Schumacher: HANS Device Not Ready Yet

The Head and Neck Support System (HANS) which is expected to be introduced in Formula One in a near future is far from being ready, according to world champion Michael Schumacher.

Schumacher: HANS Device Not Ready Yet

The Head and Neck Support System (HANS) which is expected to be introduced in Formula One in a near future is far from being ready, according to world champion Michael Schumacher.

"It's still a bit far away," said Schumacher today. "We made quite a big effort to get it adapted to my body. You can't take one HANS system and give it to the 22 drivers, it will not fit. Even though we have adapted it to me, as it is quite a solid piece and you move around in the car, and you're not in 100 per cent the same position. It's still not there yet."

HANS has been given mixed approvals by Formula One drivers, who have tested the device, but it has become popular in the American CART championship. However, Schumacher believes it would only be useful for frontal impacts and would not have made any difference to Heinz-Harald Frentzen and Nick Heidfeld, both being forced to rest after crashing at the Canadian Grand Prix complaining of neck problems.

"I saw some of the accidents (in Canada)," Schumacher added. "Heinz-Harald went backwards into the wall, Nick went sideways into the wall, I don't think the HANS system would have made a huge difference.

"It's more for frontal impact, very like what I had in Silverstone, where the HANS device can support you. I don't think it would have done anything in these kind of accidents, actually."

Canadian Jacques Villeneuve, who had a big crash in the season-opening Australian Grand Prix that resulted in the death of a marshal when a wheel flew off his car, agreed with Schumacher in separate comments to reporters later.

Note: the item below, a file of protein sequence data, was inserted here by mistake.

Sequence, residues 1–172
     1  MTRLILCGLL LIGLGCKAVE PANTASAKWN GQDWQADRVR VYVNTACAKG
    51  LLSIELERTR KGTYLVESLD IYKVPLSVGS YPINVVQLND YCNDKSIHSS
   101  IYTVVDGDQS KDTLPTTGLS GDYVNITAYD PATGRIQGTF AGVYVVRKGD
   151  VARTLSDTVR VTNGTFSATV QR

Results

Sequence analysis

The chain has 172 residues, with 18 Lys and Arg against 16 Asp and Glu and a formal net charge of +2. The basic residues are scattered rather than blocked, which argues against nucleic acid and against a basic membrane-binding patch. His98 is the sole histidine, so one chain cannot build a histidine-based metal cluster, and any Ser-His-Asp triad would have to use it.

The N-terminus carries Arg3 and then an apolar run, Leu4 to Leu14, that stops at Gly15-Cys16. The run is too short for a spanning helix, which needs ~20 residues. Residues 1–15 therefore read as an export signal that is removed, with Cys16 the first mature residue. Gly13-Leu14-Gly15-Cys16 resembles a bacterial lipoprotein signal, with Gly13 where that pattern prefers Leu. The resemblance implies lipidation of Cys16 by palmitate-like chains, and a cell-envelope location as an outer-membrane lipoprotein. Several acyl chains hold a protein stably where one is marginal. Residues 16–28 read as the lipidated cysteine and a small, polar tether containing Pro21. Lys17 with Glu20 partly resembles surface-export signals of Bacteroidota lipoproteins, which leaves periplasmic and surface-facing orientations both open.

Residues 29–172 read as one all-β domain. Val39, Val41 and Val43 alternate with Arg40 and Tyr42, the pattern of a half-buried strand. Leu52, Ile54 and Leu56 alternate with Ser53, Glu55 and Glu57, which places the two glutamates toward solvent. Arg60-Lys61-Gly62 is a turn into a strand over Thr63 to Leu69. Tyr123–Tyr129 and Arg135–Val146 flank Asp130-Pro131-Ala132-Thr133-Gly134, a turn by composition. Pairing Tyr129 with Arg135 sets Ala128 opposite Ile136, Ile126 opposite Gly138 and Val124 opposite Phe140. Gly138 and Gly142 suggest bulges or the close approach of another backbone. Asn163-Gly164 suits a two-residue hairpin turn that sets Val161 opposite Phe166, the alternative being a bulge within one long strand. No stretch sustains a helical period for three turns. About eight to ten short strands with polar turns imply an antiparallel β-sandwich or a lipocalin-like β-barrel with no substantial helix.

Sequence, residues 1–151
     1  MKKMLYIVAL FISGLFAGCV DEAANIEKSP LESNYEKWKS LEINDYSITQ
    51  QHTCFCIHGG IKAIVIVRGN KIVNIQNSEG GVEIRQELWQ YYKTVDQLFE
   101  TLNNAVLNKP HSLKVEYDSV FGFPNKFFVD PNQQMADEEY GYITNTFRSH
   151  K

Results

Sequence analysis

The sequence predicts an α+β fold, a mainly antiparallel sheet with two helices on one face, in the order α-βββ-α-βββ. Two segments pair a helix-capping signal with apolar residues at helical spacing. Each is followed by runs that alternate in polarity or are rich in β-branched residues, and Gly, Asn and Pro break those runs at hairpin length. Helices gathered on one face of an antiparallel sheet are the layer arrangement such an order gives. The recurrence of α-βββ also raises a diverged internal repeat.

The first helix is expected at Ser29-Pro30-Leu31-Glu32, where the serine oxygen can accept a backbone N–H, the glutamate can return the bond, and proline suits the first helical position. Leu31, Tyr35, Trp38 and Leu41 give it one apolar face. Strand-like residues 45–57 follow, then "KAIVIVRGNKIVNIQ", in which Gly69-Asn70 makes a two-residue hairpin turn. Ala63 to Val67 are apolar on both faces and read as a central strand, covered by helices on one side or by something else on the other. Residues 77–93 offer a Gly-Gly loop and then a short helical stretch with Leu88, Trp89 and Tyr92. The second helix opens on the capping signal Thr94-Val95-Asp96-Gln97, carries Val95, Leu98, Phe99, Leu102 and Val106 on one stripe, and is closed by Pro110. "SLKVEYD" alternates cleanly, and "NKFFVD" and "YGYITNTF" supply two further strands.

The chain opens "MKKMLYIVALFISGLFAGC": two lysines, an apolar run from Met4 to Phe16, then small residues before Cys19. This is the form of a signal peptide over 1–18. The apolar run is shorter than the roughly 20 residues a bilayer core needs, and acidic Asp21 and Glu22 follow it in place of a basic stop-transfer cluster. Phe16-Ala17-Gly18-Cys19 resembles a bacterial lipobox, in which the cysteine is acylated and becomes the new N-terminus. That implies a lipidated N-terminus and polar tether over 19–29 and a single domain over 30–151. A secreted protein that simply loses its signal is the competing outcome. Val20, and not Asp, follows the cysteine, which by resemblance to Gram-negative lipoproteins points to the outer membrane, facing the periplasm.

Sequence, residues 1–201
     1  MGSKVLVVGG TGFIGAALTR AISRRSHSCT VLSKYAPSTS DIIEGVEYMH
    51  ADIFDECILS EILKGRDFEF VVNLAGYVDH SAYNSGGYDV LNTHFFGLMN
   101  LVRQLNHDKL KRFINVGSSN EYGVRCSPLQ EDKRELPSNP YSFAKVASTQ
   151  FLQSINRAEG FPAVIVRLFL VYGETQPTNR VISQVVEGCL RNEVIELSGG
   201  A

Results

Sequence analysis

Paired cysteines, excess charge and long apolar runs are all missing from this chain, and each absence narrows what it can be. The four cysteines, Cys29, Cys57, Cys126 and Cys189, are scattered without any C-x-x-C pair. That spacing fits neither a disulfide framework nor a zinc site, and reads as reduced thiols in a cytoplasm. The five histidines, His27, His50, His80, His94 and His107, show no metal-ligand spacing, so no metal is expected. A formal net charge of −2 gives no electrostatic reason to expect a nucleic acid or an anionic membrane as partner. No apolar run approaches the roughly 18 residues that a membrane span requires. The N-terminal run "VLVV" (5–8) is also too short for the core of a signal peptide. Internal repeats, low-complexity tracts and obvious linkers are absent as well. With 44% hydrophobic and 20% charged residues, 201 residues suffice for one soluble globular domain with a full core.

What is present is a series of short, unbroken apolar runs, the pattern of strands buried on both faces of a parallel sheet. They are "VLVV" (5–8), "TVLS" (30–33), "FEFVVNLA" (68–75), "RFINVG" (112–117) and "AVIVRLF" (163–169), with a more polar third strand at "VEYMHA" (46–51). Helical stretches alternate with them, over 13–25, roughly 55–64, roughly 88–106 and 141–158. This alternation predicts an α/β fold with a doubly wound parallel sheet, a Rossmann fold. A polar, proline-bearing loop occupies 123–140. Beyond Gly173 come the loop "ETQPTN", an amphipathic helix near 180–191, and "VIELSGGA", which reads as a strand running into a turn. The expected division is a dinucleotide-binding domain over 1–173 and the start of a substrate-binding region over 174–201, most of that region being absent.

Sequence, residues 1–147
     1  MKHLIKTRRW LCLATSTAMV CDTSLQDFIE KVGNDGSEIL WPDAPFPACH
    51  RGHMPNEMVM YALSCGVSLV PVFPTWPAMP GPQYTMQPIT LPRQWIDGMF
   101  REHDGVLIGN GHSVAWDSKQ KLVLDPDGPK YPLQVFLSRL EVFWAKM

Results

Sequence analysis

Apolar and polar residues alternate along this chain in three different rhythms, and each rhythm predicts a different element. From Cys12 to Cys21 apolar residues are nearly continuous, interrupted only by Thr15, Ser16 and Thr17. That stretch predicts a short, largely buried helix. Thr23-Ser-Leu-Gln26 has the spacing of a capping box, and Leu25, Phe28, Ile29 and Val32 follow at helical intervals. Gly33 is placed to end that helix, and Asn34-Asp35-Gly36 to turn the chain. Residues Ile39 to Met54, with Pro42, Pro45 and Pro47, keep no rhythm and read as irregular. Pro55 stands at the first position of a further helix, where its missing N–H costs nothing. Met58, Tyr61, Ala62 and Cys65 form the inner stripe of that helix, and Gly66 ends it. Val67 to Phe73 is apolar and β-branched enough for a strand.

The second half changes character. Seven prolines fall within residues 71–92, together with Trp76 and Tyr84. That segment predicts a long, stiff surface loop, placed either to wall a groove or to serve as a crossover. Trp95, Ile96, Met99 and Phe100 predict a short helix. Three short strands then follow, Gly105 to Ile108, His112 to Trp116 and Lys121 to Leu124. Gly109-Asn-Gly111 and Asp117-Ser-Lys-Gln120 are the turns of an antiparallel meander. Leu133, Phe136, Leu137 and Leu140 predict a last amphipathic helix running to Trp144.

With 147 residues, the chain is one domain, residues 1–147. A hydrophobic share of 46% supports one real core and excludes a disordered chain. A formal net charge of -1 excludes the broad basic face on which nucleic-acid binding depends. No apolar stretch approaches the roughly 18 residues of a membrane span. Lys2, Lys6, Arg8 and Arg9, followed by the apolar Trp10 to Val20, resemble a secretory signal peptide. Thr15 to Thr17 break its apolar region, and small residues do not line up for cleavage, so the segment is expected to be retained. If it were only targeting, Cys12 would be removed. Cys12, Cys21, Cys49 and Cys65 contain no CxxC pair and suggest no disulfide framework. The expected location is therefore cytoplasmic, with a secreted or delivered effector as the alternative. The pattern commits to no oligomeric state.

"I don't see how I could drive with it, personally," the Canadian 1997 champion said. "It's highly uncomfortable. It's one thing to drive with it on ovals where there's very little movement...but on the road course there's a lot of steering movement and when you go sideways you have to react very quickly with your arms.

"The other thing is that you are not held in the car that well any more because the belt is away from your body. There's negatives that come with it, I don't think that it's been fully tested yet. It would be a lot better if it were put on the Formula 3000s first so all the problems could be tuned out."

Villeneuve also pointed to the dangers of drivers suddenly forced to switch at the last moment, either during qualifying or before a race, to cars set up for a teammate.

"Imagine driving with someone else's HANS device. It fits wrongly on your neck and maybe touches the back of your collarbone or something. You could actually break your neck in a rear impact if it's not designed for you."

Brake lights were also tested at Silverstone last week. At present cars have only a rear red warning light which flashes in the pit lane and in wet conditions. Villeneuve disagreed with Schumacher on the lights.

"I don't think brake lights are good because then someone can just put his foot a little bit on the brake and turn the light on just before braking to get someone else to react," he said. "So it can actually be a lot more dangerous.

"I don't think it's actually that good unless instead of brake pedals it's based on G-force, that would be better."

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